"CHESTER, a city and port and county (of itself), locally in the hundred of Broxton, county palatine of CHESTER, of which it is the capital, 17 miles (S.) from Liverpool, 36 (S. W.) from Manchester, and 181 (N. W.) from London, through Coventry and Lichfield, and 190 through Northampton and Leicester, containing 19,949 inhabitants, and, including those portions of the parishes of St. Mary on the Hill, St. Oswald, and the Holy Trinity, which are without the limits of the city, 21,176 .... The city comprises the parishes of St. Bridget, St. John the Baptist, Little St. John, St. Martin, St. Michael, St. Olave, and St. Peter; and part of the parishes of St. Mary on the Hill, St. Oswald, and the Holy Trinity, and the precinct of the Cathedral Close; all in the archdeaconry and diocese of Chester. ...More." [From Samuel Lewis A Topographical Dictionary of England  (1831) ©Mel Lockie]


Chester Parishes

  • Chester is a city, borough, and from 1884 a civil parish (SJ 4066)
  • Since 1974 it has been an unparished area.
  • It includes the districts of Balmoral Park, Boughton, Buddicom, Curzon Park, Five Ashes, Handbridge, Heron Bridge, Overleigh, Queen's Park and Westminster Park.
  • Chester Castle was a separate extra-parochial area and civil parish within the city centre which remained separate from the city and borough of Chester.
  • The population of the borough of Chester was 15052 in 1801, 27766 in 1851, 38309 in 1901, 48237 in 1951, and 58220 in 2001.


  • Blacon Cemetery.
  • Overleigh Cemetery, Handbridge. Opened 1850. There is a searchable database of burials 1850-1950 on the Cheshire Archives & Local Studies website.


There are more than 30 churches identified in this place. Please click here for a complete list.

Civil Registration

  • Great Boughton (1837-69)
  • Chester (1870-1998)
  • Cheshire West (1998-2007)
  • Cheshire (2007-09)
  • Cheshire West & Chester (2009+)

Court Records

  • Chester (City) (1884-1974)
  • Chester (1974-2001)
  • Chester, Ellesmere Port & Neston (2001-12)
  • West Cheshire (2012+)

Description & Travel

You can see pictures of Chester which are provided by:



Description of Chester from  Samuel Lewis - A Topographical Dictionary of England (1831)



The National Gazetteer of Great Britain and Ireland - 1868

"CHESTER, comprising the parishes of Holy Trinity, St. Mary On The Hill, St. John and several others;} it is a city, port, municipal and parliamentary borough, and a county of itself, locally situated in the hundred of Broxton, in West Cheshire, 178¼ miles distant from London by the London and North-Western railway, and 213 by the Great Western, 84½ from Holyhead, 84¼ from Birmingham, and 52 from Manchester. It is connected, by the Ellesmere canal, with the Mersey and with Nantwich. It is a bonding port, and is 22 miles distant from the sea. It does not appear that Chester was a place of any importance before the Roman era. It was then walled round, and was called in the Cymric language Caer Lleon vawr, the "Camp of the Great Legion." It is probably identical with the Deva of the Itinerary of Antoninus, and was called Deunana, or Deva, by the Romans, from being half encircled by the Dee. After many struggles the Saxons finally wrested it from the Britons in 830, the Danes from the Saxons in 894, and again the Saxons from the Danes in 908. It was an important post as a fortress on the Welsh frontier, and as a stronghold against Danish invaders. Edgar received at Chester the homage of six kings in 972. As the story is told by William of Malmesbury, Edgar sat in the prow of a boat on the Dee while the six kings plied their oars. After the Conquest Chester fell to the share of Hugh Lupus, nephew of William the Conqueror, who was created Earl of Chester, and who built the castle, in which were held the courts of the county palatine of Cheshire. From Domesday Book it appears that, at this time, there were 431 houses taxable, and 56 belonging to the bishop, and that it had a "guild mercatory," equivalent to a corporation, with a chief magistrate, called "præpositus regis," or provost.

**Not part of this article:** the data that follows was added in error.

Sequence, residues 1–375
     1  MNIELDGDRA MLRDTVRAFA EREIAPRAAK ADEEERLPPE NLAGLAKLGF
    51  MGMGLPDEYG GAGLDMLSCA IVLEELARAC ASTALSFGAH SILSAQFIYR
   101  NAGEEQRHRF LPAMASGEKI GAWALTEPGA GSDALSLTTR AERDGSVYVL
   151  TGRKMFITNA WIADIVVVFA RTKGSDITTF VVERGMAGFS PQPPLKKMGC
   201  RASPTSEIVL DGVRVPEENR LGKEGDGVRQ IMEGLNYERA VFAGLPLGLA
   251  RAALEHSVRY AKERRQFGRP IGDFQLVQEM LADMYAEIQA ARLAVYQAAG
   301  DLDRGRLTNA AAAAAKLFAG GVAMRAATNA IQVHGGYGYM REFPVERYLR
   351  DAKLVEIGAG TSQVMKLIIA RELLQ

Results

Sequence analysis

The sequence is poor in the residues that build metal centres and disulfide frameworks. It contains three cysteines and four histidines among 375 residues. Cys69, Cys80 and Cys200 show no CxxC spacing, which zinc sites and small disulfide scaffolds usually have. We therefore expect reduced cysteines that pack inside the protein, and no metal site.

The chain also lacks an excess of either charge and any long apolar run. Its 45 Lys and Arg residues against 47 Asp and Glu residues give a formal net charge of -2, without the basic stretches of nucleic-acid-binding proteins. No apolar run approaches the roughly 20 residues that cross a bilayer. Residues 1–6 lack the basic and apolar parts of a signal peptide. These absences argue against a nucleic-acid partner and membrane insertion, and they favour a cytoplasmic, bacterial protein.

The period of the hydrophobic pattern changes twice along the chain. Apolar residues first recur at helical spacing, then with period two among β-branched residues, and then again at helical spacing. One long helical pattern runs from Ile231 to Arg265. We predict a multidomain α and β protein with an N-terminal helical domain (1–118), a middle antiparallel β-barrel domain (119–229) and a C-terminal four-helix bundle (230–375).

Historical Geography

  • 1884 — Created from the parts within Chester Muncipal Borough of the parishes of Holy Trinity (pop. 3020 in 1881), St. Bridget (pop. 1104 in 1881), St. John the Baptist (pop. 10905 in 1881), St. Martin (pop. 779 in 1881), St. Mary on the Hill (pop. 5276 in 1881), St. Michael (pop. 758 in 1881), St. Olave (pop. 579 in 1881), St. Oswald (pop. 11724 in 1881) and St. Peter (pop. 622 in 1881), together with the Abbey Precincts (pop. 245 in 1881), the township of Spital Boughton (pop. 139 in 1881), and part of the township of Great Boughton (pop. 1643 in 1881).
  • 1899 November 9 — Gained part of Chester Castle (pop. 0 in 1901), and lost parts to Blacon cum Crabwall (pop. 0 in 1901)  and Chester Castle (pop. 0 in 1901).
  • 1936 April 1 — Gained parts of Blacon cum Crabwall (985 acres, pop. 774 in 1931), Claverton (3 acres, pop. 0 in 1931), Great Boughton (48 acres, pop. 954 in 1931), Hoole (47 acres, pop. 404 in 1931), Little Saughall (8 acres, pop. 0 in 1931), Marlston cum Lache (35 acres, pop. 41 in 1931)  and Newton by Chester (153 acres, pop. 2134 in 1931), and lost part to Great Boughton (2 acres, pop. 0 in 1931).
  • 1954 April 1 — Gained parts of Hoole (498 acres, pop. 8705 in 1951) and Upton by Chester (22 acres, pop. 10 in 1951).
  • 2015 April 1 — Gained part of Saughall.

You can see the administrative areas in which Chester has been placed at times in the past. Select one to see a link to a map of that particular area.



You can see maps centred on OS grid reference SJ455658 (Lat/Lon: 53.186616, -2.816681), Chester which are provided by:


Politics & Government

  • Chester Municipal Borough (1835-89)
  • Chester County Borough (1889-1974)
  • Chester (1974-2009)
  • Cheshire West & Chester (2009+)

Poor Houses, Poor Law

  • Chester

Voting Registers

  • Chester City (1832-1974)